In the mid-‘70s, as America dealt with the Watergate scandals, the oil crises, tumultuous race and gender relations, and the catastrophe of a war lost in Vietnam, optimism wasn’t exactly a buzz word. Indeed, it wouldn’t be long before the new president, Jimmy Carter, would make an infamous speech to the nation about the gathering culture of malaise that threatened to loose the United States from its moorings.
The ‘70s (and perhaps this has become too much of a cliché) are often recalled as a dark time, a nauseous hangover following the drunken bender that was the ‘60s. If the decade that preceded them can be characterized by the rise of a generational politics of dissent and a widespread cultural awakening, few have tried to imagine the ‘70s in that light. Indeed, the ‘70s appear to be more like what happens when idealism fades to realism, and when the youthful energy recedes into grown-up responsibility.
In Night Catches Us, the extraordinary new film from first-time writer-director Tanya Hamilton, this context feels both inescapable and crucial. Set in Philadelphia in 1976, and intercut with audio from Carter’s inaugural address, this is a film profoundly concerned with the idea of the ‘70s as a transitional, almost liminal era, an uncertain moment between the earnestness of Black Power activism and the rise of Reagan.
Kerry Washington (The Last King of Scotland) plays Patricia, defense attorney and widow to a Black Panther gunned down several years earlier by police after a tip-off from his best friend Marcus. Despite the fact that she is raising her nine-year old daughter in the same house in which her husband died, Patricia flatly refuses to discuss the past. Her new boyfriend, a middle class lawyer with political aspirations, seems to represent the lengths to which she is willing to go to move on. But, the past is hard to quell, and when Marcus (The Hurt Locker‘s Anthony Mackie) drifts back into town after a four-year absence, the pot bubbles over. While Patricia (Marcus stubbornly calls her Patty, the name by which she was known in the ‘60s) tries to deflect questions from her daughter, protect Marcus from ex-Panthers out for revenge, and to manage her own emotions, her teenage cousin becomes enamored of yesterday’s heroes and decides to emulate their brand of revolutionary violence.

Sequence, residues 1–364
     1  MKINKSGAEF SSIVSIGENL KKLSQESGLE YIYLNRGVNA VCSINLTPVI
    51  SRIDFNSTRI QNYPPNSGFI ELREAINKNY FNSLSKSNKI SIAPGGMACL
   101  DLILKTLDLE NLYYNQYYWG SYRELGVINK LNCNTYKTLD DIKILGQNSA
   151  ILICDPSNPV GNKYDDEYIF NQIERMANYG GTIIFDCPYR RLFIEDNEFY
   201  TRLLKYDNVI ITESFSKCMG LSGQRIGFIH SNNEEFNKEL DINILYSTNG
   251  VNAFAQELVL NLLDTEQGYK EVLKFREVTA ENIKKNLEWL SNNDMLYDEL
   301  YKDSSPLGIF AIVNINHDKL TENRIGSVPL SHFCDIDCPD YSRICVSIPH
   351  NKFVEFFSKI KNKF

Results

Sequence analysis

In this stirring meditation on the trauma of defeat and disappointment, everyone is defined in some way by his or her relationship to the now apparently absent political activism of the late -‘60s. The Panthers have all moved on—some to gangsterism, some to white collar jobs, some to oblivion—and the only person in the neighbourhood who seems willing to engage with their old identity politics is branded a fool for not knowing any better. Indeed, his tragic idealism provides the film’s real emotional and narrative arc.
A thoughtful, slow-moving, and profound work of art, Night Catches Us is among the best films of 2010. Though it shares much in common with the historical (black) social dramas of Mario Van Peebles or Spike Lee, it feels more powerfully influenced by ‘60s-era Bergman, especially in its dogged refusal to sentimentalize. The result is a hypnotic realism that is quietly devastating.
As the spare story unfolds (this is a marvel of economical storytelling), we learn about the characters in snatches and grabs. There is little in the way of here-is-what-is-happening-type exposition, and almost no obvious plot set-pieces. Instead, we have a human drama about moving on from tragedy, and the impossibility (or is it the folly?) of wallpapering the past. Featuring superb performances from Washington and Mackie, a funky score from the Roots (though a smattering of the El Michels Affair’s instrumental re-workings of old Wu Tang numbers comprises much of the soundtrack), and backed up by some rousing work from The Wire alums Wendell Pierce and Jamie Hector, Night Catches Us deserves far more attention than it has received.
This DVD boasts a number of interviews with former Panthers and activists (including Bobby Seale), deleted scenes and other goodies. The interviews are worthwhile, though they suffer from some frustratingly shaky camera-work from time to time.